Henry David Thoreau 's Civil Disobedience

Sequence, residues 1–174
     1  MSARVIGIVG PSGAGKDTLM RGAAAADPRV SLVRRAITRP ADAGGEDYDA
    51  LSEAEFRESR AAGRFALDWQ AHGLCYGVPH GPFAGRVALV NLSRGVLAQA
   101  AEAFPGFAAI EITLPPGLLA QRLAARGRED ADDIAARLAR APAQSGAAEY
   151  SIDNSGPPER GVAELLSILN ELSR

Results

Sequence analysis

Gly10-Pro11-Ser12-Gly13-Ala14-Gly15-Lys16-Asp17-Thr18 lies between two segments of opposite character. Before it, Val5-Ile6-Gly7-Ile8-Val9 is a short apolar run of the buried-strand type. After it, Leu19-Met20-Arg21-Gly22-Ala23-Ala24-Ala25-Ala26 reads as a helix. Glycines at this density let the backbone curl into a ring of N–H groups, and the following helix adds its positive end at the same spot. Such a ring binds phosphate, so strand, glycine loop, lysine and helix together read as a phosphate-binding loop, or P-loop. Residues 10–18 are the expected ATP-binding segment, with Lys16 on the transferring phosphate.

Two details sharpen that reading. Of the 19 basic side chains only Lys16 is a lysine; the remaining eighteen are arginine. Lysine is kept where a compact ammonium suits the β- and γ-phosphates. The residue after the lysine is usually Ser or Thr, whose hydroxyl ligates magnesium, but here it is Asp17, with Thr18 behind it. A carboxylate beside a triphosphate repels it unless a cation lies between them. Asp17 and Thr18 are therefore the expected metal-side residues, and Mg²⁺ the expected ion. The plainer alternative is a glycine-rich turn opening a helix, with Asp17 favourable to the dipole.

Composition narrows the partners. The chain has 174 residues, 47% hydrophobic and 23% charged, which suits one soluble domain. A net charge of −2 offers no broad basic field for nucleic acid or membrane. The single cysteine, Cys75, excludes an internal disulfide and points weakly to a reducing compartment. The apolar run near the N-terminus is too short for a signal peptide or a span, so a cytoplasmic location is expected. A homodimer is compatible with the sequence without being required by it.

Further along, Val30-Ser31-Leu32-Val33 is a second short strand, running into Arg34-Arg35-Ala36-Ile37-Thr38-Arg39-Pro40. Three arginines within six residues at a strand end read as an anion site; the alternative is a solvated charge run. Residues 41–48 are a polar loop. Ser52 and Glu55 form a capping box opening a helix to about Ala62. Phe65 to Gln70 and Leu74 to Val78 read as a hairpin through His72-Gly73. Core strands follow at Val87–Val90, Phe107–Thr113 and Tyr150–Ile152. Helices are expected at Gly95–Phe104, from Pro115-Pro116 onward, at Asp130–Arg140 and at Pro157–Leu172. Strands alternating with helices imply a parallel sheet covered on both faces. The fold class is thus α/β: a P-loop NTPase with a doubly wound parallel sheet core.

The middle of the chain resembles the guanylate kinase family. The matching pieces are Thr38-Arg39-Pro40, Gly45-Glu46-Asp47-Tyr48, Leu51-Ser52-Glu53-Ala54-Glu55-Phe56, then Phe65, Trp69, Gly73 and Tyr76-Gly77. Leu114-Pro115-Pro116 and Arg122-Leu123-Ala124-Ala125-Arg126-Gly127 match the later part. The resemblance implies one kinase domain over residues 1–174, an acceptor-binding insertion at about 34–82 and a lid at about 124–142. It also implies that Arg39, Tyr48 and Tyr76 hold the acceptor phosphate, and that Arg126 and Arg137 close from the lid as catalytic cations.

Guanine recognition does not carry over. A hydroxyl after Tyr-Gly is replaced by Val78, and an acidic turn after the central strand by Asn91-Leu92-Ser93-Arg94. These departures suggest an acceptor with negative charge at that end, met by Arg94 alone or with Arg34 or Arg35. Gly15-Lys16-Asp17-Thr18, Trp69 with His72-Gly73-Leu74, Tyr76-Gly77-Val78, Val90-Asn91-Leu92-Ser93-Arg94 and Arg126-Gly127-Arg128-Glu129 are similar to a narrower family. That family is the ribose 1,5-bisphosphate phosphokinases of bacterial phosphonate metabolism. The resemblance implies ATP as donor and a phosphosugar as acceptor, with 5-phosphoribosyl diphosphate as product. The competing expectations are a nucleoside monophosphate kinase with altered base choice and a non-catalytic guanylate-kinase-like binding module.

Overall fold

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Throughout history and in today’s society, people have always done what they felt to be right. In Henry David Thoreau “Civil Disobedience” he stated “The only obligation which I have a right to assume, is to do at any time what I think right.” Although doing what you believe to be right may feel right, it’s not always the best decision in all situations. There are many situations where doing what you feel to be right can benefit you, but can affect others negatively. Thoreau believed that following the law, created by most of the people can be morally and socially wrong. A person should not feel it is their obligation to follow a law they don’t believe in; that would be giving up their individual consciences. People should always do what they personally believe is right. Thoreau had many valid points, but living life doing what you feel is right "at any time" is risky. Although some laws may be unjust, others were put into place to keep us safe. If everyone did what they felt to be right, the world would be into shambles. In Thoreau 's case he prefered laissez-faire government “…I ask for, not at once no government, but at once a better government” (Thoreau). He believed that a man can change an unjust system by refusing to be unjust, and by being entirely willing to make a sacrifice. Thoreau sacrifice was a night in jail, after he refused to pay what he believed "unfair tax". Him doing what he felt to be right, cost him his freedom. The “Letter from Birmingham Jail”
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